CONCLUSION

Consistent with the studies done by Tse(1995), Alphonse(2000) and Brooks, Rew, and Ritson (2001), Pinjisakikool (2009), test of Cointegration and Error Correction Model (ECM) reports that both short-run and long-run relationships between the spot and futures prices of ribbed smoked rubber sheet no. 3 traded on Agricultural Futures Exchange of Thailand can be detected significantly, and futures prices leads the movements in the spot prices. The Error Correction Model which allows for cost of carry reports the highest forecasting accuracy as evidenced by the lowest root mean square error. And the nearest-to-maturity futures contract gives the highest predictive power of futures price in predicting the future spot price which is consistent with the study done by Bigman, Goldfarb, and Schechtman (1983).

In conclusion, spot prices and futures price of Ribbed Smoked Rubber Sheet No.3 contract traded on AFET have both short-run and long-run relationship and the nearer-the maturity contact, the higher the predictive power of futures price in forecasting the future spot price.

Acknowledgements

Wiyada Nittayagasetwat acknowledges a research Grant from Assumption University, and Aekkachai Nittayagasetwat acknowledges a research Grant from National Institute of Development Administration. Comments from two anonymous referees are also acknowledged.

REFERENCES

Agricultural Futures Exchange of Thailand (2008, November 10). Ribbed Smoked Rubber Sheet no. 3 Contract. Retrieved November 17, 2008 from http://www.afet.or.th.

Alphonse, P. (2000). Efficient Price Discovery in Stock Index Cash and Futures Markets. Annales D'Economie Et De Statistique, 60, 178-188.

Antoniou, A,. & Holmes, P. (1996). Futures Market Efficiency, the Unbiasedness Hypothesis and Variance-Bounds Tests: The Case of the FTSE-100 Futures Contract. Bulletin of Economic Research, 48, 115-128.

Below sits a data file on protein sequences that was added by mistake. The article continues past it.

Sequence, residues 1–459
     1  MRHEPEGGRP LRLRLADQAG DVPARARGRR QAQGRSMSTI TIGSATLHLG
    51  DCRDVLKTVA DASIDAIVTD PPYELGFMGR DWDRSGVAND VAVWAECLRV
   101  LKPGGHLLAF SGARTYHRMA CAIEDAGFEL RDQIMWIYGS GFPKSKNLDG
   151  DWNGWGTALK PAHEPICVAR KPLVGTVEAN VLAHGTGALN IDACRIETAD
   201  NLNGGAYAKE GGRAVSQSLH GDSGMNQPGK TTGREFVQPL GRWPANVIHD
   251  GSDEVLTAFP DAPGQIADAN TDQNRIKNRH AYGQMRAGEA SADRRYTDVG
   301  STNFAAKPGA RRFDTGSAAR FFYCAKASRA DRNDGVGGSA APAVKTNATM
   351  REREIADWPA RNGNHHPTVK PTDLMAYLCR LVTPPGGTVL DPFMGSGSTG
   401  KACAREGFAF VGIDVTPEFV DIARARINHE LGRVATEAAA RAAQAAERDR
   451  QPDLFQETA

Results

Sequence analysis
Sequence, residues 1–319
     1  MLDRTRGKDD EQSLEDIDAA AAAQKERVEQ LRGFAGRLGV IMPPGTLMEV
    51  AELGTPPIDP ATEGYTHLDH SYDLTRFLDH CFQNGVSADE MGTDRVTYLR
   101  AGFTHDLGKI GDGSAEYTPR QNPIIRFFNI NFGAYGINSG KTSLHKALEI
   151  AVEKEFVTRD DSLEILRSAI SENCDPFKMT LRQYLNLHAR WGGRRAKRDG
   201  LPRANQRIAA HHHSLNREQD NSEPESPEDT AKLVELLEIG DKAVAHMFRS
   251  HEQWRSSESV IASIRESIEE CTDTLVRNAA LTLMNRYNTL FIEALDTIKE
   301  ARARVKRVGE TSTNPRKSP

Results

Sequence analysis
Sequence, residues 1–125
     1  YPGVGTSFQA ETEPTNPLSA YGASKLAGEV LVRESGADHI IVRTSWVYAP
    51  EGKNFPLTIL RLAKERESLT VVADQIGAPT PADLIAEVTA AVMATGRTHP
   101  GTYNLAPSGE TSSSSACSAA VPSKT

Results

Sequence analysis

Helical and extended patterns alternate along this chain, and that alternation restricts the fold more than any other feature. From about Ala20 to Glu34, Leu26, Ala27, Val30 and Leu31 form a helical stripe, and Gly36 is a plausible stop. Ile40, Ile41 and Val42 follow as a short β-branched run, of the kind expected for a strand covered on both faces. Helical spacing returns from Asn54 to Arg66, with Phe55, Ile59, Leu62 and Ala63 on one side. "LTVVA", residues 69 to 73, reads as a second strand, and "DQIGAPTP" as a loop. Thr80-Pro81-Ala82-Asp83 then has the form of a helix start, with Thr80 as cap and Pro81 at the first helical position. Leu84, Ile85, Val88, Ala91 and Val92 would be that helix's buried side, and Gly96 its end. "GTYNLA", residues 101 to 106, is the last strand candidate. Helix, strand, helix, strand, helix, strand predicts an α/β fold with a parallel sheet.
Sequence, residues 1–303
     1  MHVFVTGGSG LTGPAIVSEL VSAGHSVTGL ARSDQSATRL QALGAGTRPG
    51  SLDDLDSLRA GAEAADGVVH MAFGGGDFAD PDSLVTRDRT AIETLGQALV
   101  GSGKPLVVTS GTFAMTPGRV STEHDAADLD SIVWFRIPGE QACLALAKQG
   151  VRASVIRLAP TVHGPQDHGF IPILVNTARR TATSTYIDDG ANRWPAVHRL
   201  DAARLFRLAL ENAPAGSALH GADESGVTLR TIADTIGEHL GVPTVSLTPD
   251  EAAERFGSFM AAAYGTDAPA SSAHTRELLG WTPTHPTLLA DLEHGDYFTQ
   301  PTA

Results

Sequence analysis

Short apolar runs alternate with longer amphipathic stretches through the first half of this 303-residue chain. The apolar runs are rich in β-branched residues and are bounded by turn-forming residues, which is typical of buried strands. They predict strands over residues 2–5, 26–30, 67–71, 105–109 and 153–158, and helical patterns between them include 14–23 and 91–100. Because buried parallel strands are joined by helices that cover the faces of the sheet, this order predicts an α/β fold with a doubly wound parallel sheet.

Barnhart, S.W., & Szakmary, A.C. (1991). Testing the Unbiased Forward Rate Hypothesis: Evidence on Unit Roots, Co-Integration, and Stochastic Coefficients. Journal of Finance and Quantitative Analysis, 26, 245-267.

Beck, S.E. (1994). Cointegration and Market Efficiency in Commodities Futures Markets. Applied Economics, 26, 249-257.

Bigman, D., Goldfarb, D., & Schechtman, E. (1983). Futures Market Efficiency and the Time Content of the Information Sets. The Journal of Futures Markets, 3, 321-334.

Brooks, C., Rew, A.G., & Ritson, S. (2001). A Trading Strategy based on the Lead-Lag Relationship between the Spot Index and Futures Contract for the FTSE 100. International Journal of Forecasting, 17, 31-44.

Brooks, C. (2008). Times Series Analysis, Introductory Econometrics for Finance (pp. 387-391). Cambridge: Cambridge University.

Dickey, D.A., & Fuller, W.A. (1979). Distribution of the Estimators for Autoregressive Time Series with a Unit Root. Journal of the American Statistical Association, 74, 427-431.

Engle, R. F., & Granger, C. W. J. (1987). Co-integration and Error Correction: Representation, Estimation, and Testing. Econometrica, 55, 251-276.

Engle, R.F., & Yoo, B.S. (1987) Forecasting and Testing in Cointegrated Systems. Journal of Econometrics, 35, 143-159.

Euromoney Institutional Investor Company (2009, September 7). Ribbed Smoked Rubber Sheet no. 3. Retrieved September 7, 2009 from http://www.ceicdata.com.

Ghosh, A. (1993). Cointegration and Error Correction Models: Intertemporal Causality between Index and Futures Prices. The Journal of Futures Market, 13, 193-198.

Gujarati, D.N. (2003). Times Series Econometrics, Basic Econometrics, (pp. 814-826). New York: Mc Graw-Hill.

Kenourgios, D.F., & Samitas, A.G. (2004). Testing Efficiency of the Copper Futures Market: New Evidence from London Metal Exchange. Paper presented at the 2004 B&ESI Conference in Rhodes, Greece.

MacKinnon, J. G. (1996). Numerical Distribution Functions for Unit Root and Cointegration Tests. Journal of Applied Econometrics, 11, 601-618.

Mattos, F., & Garcia, P. (2004). Price Discovery in Thinly Traded Markets: Cash and Futures Relationships in Brazillian Agricultural Futures markets. Paper presented at the NCR-134 Conference on Applied Commodity Price Analysis, Forecasting, and Market Risk Management, St.Louis, Missouri.